Volodymyr Zelenskyy urged Ukrainians to “show restraint” and caution following the Russian order to withdraw troops from the key southern city of Kherson.

In his overnight address, Ukraine’s president warned that ‘the enemy does not bring us gifts’ and suggested Moscow’s withdrawal from Kherson could be a ruse to induce Ukrainian forces to advance in a battle in the strategically located city. important.

On Wednesday, Russia’s Commander-in-Chief in Ukraine said the troops had been ordered to withdraw from Kherson because it was no longer possible to maintain the city’s supply.

Mr Zelenskyy said: “There is a lot of joy in the media space today, and it is understandable why. But our emotions have to be contained – always during war.

“But you have to understand: no one gets away with it if they don’t feel the strength. The enemy doesn’t bring us gifts, doesn’t make ‘goodwill gestures’. We push our way through.”

The regional capital was seized by Russia at the start of the war and, if confirmed, the withdrawal from Kherson will mark one of Moscow’s most significant retreats.

However, other Ukrainian and Western allied officials have also questioned the intentions behind Moscow’s announcement and what it might mean.

Ukrainian presidential adviser Mykhailo Podolyak said Kyiv saw “no signs that Russia is leaving the city altogether” and said the statements “could be misinformation”.

Kherson is a prime target for Moscow and Kyiv due to its important river and seaport – it is also a gateway to the Russian-occupied Crimean Peninsula.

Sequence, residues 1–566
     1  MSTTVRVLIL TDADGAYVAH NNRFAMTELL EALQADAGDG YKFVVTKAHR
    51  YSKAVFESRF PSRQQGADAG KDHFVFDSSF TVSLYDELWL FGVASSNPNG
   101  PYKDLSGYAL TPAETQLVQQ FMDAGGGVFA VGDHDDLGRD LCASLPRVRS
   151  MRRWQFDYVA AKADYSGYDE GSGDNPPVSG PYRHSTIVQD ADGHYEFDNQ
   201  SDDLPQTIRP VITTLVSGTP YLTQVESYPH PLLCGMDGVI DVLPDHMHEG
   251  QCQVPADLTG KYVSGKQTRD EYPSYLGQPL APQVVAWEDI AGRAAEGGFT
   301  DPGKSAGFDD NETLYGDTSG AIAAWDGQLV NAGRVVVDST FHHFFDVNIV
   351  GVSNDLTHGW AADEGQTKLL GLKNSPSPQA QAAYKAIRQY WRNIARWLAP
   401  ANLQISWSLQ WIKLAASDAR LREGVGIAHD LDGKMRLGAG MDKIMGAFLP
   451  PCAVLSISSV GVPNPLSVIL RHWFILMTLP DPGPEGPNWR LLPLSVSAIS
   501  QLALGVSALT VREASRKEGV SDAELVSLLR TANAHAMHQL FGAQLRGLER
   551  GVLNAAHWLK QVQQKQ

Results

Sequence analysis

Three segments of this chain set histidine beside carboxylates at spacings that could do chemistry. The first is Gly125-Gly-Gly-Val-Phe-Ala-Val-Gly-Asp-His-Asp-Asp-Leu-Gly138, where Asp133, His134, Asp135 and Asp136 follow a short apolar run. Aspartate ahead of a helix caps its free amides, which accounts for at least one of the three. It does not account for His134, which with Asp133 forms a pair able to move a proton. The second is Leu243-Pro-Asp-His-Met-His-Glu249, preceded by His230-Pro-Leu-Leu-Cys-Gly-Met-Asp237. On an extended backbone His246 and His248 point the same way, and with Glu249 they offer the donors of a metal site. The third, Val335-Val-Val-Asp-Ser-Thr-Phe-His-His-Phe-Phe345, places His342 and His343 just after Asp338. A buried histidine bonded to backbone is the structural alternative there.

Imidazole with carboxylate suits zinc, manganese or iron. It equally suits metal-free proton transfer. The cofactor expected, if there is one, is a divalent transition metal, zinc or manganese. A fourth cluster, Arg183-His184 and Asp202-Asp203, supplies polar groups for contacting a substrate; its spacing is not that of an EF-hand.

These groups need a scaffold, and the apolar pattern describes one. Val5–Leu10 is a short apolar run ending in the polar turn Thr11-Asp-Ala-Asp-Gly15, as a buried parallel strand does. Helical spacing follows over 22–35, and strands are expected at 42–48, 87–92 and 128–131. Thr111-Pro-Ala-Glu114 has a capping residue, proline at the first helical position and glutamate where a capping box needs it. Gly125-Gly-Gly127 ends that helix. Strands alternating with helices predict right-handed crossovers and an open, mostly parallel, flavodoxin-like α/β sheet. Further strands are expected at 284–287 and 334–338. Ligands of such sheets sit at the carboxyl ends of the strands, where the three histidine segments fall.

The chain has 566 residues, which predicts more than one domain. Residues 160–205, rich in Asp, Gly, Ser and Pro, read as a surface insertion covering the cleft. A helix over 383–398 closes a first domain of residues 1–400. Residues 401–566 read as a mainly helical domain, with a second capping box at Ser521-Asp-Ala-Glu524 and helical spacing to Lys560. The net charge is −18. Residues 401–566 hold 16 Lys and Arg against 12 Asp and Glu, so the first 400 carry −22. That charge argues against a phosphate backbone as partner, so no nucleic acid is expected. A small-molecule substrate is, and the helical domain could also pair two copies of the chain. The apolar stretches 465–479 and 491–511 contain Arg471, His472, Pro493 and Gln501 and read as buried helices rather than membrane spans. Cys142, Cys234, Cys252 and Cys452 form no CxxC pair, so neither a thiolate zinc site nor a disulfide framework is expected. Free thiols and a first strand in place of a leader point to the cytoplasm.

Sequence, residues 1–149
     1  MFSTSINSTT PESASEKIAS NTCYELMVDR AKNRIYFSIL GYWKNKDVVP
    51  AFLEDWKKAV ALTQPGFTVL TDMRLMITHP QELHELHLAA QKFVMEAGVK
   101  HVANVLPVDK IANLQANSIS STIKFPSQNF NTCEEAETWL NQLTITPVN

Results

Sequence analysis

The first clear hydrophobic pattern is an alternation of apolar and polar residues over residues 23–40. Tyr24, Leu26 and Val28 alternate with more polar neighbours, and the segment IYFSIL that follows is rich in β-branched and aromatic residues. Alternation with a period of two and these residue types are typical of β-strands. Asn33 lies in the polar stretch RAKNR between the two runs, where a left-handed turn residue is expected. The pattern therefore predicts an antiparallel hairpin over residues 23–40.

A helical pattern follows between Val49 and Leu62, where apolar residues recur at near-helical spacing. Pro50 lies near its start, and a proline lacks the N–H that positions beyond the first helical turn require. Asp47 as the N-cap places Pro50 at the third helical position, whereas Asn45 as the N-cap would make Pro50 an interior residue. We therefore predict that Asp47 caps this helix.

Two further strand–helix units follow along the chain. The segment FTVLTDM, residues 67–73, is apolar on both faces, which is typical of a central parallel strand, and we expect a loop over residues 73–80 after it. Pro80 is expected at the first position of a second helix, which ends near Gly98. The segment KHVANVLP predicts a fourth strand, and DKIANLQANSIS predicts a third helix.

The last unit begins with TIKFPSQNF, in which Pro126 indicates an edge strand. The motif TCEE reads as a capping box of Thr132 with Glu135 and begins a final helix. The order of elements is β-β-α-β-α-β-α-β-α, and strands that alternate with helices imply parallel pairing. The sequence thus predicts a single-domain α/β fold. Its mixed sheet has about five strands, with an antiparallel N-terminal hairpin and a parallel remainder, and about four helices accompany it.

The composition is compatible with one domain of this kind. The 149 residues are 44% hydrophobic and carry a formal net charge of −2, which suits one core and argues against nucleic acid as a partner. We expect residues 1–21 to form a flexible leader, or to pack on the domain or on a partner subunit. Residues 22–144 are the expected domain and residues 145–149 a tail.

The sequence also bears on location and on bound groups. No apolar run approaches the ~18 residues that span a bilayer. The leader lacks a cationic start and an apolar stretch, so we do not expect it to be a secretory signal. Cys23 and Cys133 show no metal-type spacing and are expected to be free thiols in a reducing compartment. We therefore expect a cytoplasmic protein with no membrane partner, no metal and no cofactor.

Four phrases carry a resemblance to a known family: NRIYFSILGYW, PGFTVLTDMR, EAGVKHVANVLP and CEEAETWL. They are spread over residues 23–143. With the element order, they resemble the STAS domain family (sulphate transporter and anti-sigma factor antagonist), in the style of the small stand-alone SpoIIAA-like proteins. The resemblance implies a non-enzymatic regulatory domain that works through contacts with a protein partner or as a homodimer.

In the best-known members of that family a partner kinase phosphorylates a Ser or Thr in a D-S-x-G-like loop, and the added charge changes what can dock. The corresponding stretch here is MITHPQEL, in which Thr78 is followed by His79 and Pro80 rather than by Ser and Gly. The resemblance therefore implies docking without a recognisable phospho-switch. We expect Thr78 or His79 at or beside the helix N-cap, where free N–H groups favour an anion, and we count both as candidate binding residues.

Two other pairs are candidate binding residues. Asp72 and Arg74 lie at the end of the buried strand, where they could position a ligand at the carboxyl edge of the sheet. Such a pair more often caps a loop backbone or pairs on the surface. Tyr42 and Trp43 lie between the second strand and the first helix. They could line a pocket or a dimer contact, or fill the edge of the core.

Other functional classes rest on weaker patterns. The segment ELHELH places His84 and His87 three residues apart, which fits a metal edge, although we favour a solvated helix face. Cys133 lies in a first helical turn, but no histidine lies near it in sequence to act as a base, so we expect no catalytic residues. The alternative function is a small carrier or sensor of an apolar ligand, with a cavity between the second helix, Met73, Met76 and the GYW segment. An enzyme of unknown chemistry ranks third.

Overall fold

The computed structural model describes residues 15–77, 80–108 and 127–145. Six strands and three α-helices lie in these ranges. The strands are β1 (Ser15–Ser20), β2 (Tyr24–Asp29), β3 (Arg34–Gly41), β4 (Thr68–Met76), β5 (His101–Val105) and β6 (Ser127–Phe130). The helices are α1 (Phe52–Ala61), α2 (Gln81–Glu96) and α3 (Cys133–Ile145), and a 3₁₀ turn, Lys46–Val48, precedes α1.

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Russian retreat shows ‘lost momentum’

Lord Dannatt, the former British army chief, said Kherson should be watched “very closely”, adding that the withdrawal could be part of a genuine desire to regroup – or a ruse to encourage the Ukrainians to advance.

The Russians are “masters of deception and camouflage”, he added.

The NATO chief also warned that Moscow cannot be underestimated. Jens Stoltenberg called the withdrawal “encouraging”, but added it was too early to draw conclusions.

The Russian army seemed to have been preparing for months for an orderly withdrawal from Kherson or an ambush.

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Analysis: The Russian withdrawal from Kherson

Russian-installed authorities in the city last month ordered an “immediate” evacuation of residents, amid warnings of an impending Ukrainian counteroffensive.

More than 70,000 residents were evacuated in late October, according to Moscow-appointed officials, though Ukrainian officials have questioned that claim.

Mr Zelensky called “theatre” attempts to convince civilians to move deeper into Russian-held territory.

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